Does it make sense that Wyoming, rated as “low risk” for terrorist attack, should get almost twice the funding for preparadness programs, on a per capita basis, as New York? The independent commission that investigated the 9/11 attacks recommended more than a year ago that all homeland-security money be allocated based on objective criteria–the risk of attack.
This issue is being debated in Congress now–in a House-Senate conference committee, and it is an excellent example of the different interests of the two chambers of the US Congress.
This is a fascinating case, because both chambers are controlled by the same party. Yet the legislative preferences on this matter break down in a completely predictable way, based on the constituencies of the chambers.
The Senate passed a bill that would share about 75% of all homeland security funds equally between the 50 states, with the other 25% allocated according to a state’s actual assessed risk of terrorism.
The House, on the other hand, passed in July an amendment to the Patriot Act that would do almost the exact opposite. Under the House plan, 25% would be allocated equally between the states, and even to get that share, a state would have to prove why the money was needed. Most of the funds would be based on assessment of risk.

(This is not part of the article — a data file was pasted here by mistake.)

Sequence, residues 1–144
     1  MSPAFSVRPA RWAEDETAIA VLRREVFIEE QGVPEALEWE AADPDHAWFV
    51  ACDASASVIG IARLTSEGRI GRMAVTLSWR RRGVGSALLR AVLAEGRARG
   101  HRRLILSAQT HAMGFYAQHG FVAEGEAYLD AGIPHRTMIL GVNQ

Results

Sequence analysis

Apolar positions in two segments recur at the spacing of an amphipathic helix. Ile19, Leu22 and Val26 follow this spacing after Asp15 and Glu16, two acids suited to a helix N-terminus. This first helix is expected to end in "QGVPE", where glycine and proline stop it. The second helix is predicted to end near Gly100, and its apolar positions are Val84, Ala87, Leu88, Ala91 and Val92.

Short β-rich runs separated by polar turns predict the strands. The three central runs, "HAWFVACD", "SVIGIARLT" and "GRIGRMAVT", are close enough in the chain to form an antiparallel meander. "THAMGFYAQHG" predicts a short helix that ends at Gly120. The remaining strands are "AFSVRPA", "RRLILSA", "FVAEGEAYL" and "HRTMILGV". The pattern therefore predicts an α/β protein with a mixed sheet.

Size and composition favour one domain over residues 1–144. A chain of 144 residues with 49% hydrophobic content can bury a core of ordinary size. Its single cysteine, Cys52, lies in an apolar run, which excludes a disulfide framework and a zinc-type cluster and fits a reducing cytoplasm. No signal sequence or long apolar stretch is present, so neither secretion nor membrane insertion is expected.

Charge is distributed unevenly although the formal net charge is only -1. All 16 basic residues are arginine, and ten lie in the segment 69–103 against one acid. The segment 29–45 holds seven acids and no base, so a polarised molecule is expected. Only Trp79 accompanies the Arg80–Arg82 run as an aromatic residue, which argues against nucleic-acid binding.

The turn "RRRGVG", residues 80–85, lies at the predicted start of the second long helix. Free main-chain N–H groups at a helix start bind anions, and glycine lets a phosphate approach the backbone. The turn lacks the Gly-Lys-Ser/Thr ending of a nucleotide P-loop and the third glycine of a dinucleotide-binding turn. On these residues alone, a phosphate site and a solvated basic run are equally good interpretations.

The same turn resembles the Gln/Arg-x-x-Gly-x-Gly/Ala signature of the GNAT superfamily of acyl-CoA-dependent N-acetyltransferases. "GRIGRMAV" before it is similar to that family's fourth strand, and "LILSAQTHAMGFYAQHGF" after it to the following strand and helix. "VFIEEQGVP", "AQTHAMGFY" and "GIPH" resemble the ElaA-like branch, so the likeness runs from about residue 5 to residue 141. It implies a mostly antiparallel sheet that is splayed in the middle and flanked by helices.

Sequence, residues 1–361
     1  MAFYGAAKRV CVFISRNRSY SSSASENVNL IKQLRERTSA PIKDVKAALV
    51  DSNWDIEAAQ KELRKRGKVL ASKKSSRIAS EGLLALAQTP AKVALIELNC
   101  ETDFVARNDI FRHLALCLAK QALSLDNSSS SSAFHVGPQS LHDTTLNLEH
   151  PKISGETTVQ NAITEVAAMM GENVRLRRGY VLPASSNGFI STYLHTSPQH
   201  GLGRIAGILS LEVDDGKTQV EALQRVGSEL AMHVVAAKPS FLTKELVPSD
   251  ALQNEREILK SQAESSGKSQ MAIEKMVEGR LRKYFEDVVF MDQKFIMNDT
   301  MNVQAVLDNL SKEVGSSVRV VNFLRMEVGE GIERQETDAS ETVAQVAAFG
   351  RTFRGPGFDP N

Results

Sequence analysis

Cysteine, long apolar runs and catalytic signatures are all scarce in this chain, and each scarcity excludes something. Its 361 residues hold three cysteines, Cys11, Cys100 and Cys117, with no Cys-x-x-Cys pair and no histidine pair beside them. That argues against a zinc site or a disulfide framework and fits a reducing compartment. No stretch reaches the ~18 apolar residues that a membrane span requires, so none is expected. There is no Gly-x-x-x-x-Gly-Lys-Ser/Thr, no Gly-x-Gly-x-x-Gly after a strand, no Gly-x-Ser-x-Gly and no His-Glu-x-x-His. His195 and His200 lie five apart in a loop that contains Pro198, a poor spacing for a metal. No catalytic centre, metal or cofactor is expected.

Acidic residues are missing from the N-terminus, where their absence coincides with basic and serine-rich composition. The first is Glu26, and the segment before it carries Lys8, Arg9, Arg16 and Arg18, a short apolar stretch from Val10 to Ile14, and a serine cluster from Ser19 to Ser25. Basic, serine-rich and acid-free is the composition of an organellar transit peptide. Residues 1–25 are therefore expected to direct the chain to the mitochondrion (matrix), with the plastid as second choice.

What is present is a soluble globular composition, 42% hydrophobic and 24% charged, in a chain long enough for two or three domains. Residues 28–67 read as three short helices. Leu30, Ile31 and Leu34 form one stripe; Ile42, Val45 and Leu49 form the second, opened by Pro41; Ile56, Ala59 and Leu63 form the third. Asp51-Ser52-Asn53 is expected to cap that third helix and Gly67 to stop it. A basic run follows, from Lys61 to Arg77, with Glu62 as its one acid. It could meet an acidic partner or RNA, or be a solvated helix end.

(The assessment of risk would be based on calculating potential insured losses.)
Representative Nita Lowrey (Democrat, New York), the author of the amendment to the bill that the House passed, says:
The current formula is distributed as pork barrel, the same amount to everybody, no matter what, and it doesn’t make sense. New Yorkers are not very pleased about being No. 1, but if we are No. 1 in the risk/threat/vulnerability category, we clearly should get the resources so that we can be prepared.
Senator Craig Thomas (Republican, Wyoming) counters that his state has a lot of energy production “that involves a substantial Homeland Security risk.”
Lowrey notes that is a valid argument, and points out that the amended House bill would allow Wyoming to make that case and receive the funds if they are indeed merited.
Good case in programmatic vs. particularistic policy-making, and in House vs. Senate constituencies!
(The above information comes from an article by Alexandra Marks in the Christian Science Monitor on October 24.)